nutrition: jam & water vs. brand energy drink

by James Machin

I’ve been experimenting with different fuels on my ride and after looking at gels, powders and mixes I thought ‘hang on a bloody minute! Most of these drink supplements are boasting 2:1 fructose mixes or other “Fruit” sugar mixes, what would happen if I just mixed jam with 750ml of water?’

If you follow me on Facebook you’ll know I love home cooking and recently I made a massive batch of home grown blackberry jam and decided to see what it was like mixed with water. The Blackberries were passed through my juicer 5-6 times to remove every last seed and liquid from the pulp that made a very thick concentrated blackberry juice which was then added to organic demerara sugar and lemon juice, very simple, very healthy and bloody delicious!


Once mixed with water you don’t lose the flavour of the berries and it has a nice sharp after taste that leaves you refreshed when out on the road, especially in this heat.

So how does it nutritionally stand against the big names?

Homemade Blackberry Isotonic Energy Drink

  • 47g of homemade organic blackberry jam (no seeds or pulp)
  • Pinch of salt
  • Water

Estimated nutritional value

  • Calories: 114kcal
  • Carbohydrates: 30.5g
  • Sugars: 28.2g


HIGH5 Energy Source

  • 47g
  • Water

Listed Nutritional Value

  • Calories: 180 kcal
  • Carbohydrates: 45g
  • Sugars: 16.0g


Nectar Sports Fuel Isotonic Concentrate (blackcurrant)

  •  50g
  • Water

Listed Nutritional Value

  • Calories: 120 kcal
  • Carbohydrates: 30g
  • Sugars: 20.0g

As you can see there is very little difference between them, the HIGH5 powder is actually a carb drink and thus naturally has a higher carb %age. My jam on the other hand has a higher sugar content although I would argue that it’s all organic, homemade and doesn’t have any preservatives or other chemical enhancers, but like I said they are all pretty close.

On today’s ride and even at 6am the temperature hit 34°c. I used the homemade mix, it was easy to drink and had a nice sweet but sharp taste that didn’t leave a gritty or dry after taste in the mouth. More importantly it was easily digested and didn’t unsettle my stomach or digestive system.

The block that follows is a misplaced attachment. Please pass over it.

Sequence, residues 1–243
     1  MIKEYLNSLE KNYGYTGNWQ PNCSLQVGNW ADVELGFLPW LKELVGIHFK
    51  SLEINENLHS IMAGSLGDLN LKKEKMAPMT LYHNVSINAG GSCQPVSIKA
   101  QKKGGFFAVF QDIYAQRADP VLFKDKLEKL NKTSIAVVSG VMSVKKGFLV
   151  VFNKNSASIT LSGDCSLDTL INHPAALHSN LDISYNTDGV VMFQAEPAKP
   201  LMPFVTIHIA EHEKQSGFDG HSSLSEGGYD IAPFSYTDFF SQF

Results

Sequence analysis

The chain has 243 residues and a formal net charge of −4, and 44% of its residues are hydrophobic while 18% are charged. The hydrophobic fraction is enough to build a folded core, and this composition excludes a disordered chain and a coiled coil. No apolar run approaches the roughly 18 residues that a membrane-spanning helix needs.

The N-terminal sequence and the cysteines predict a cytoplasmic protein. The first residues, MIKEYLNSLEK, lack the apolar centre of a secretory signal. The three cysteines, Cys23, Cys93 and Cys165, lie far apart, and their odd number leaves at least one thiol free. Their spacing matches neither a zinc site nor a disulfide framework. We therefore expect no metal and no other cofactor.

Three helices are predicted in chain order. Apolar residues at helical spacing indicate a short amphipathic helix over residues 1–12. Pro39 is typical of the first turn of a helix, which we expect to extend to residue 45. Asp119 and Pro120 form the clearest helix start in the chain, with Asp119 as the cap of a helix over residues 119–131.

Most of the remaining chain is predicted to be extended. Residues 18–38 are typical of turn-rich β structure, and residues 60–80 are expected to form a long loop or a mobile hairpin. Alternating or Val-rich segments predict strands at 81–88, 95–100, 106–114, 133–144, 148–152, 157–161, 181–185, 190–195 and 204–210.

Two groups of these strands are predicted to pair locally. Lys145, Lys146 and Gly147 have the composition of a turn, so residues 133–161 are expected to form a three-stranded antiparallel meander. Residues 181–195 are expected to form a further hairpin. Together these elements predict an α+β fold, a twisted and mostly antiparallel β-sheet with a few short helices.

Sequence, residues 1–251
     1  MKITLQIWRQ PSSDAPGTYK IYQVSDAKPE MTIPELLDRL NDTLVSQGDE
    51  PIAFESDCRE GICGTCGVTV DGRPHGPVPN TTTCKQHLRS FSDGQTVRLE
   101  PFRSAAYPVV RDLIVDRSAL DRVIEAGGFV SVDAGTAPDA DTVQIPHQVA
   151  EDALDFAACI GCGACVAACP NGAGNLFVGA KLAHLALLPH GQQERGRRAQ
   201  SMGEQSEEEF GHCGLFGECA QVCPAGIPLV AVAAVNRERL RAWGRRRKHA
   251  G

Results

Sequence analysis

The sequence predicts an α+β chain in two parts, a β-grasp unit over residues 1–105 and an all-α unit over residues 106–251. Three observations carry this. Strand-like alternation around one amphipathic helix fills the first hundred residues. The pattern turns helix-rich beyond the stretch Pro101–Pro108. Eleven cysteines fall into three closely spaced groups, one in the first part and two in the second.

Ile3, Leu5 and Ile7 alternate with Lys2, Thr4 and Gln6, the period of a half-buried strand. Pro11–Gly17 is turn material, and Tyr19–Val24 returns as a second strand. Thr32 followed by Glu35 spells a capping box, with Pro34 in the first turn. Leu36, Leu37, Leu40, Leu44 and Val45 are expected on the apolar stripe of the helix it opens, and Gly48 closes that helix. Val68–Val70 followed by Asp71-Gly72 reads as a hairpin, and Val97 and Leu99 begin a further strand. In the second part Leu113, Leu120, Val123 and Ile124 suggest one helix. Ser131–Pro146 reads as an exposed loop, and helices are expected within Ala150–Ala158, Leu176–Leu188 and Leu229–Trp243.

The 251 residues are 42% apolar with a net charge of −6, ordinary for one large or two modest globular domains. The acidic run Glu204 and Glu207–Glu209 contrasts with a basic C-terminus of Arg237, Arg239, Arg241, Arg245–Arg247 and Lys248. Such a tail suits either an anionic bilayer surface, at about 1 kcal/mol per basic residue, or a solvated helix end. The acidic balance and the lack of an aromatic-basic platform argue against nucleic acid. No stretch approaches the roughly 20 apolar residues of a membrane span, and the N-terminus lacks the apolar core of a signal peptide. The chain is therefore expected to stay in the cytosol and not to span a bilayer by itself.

The only down side I can see with using jam is basically it’s a premix that you leave the house with as there really isn’t a viable solution for taking it out on the road and then mixing.

Although this is homemade I looked at other jams and they are very close to mine regarding nutritional values. So I don’t see why others can’t experiment with this!

Get jamming!



Author: Lee Rodgers

Cycling coach, race organiser, former professional cyclist and the original CrankPunk.

3 thoughts

    1. Thanks for posting Chris, one of the biggest marketing coups was convincing everyone that the mighty electrolyte is all important.

      Actually you get all the electrolytes you need from a pinch of salt and a teaspoon of lemon juice and tgats enough to last you more than a day.

      In fact the food you eat durring the day on a ride, be it a banana, snickers bar or bowl of pasta will more than replenish your electrolyte levels.

  1. Use a little squeezy bottle to bring some on the road. Like those bottles you can buy for bringing travel shower gel and shampoo onboard a plane. Squirt it directly into your gob to use it as a gel, or dilute it with a bottle for isotonic.

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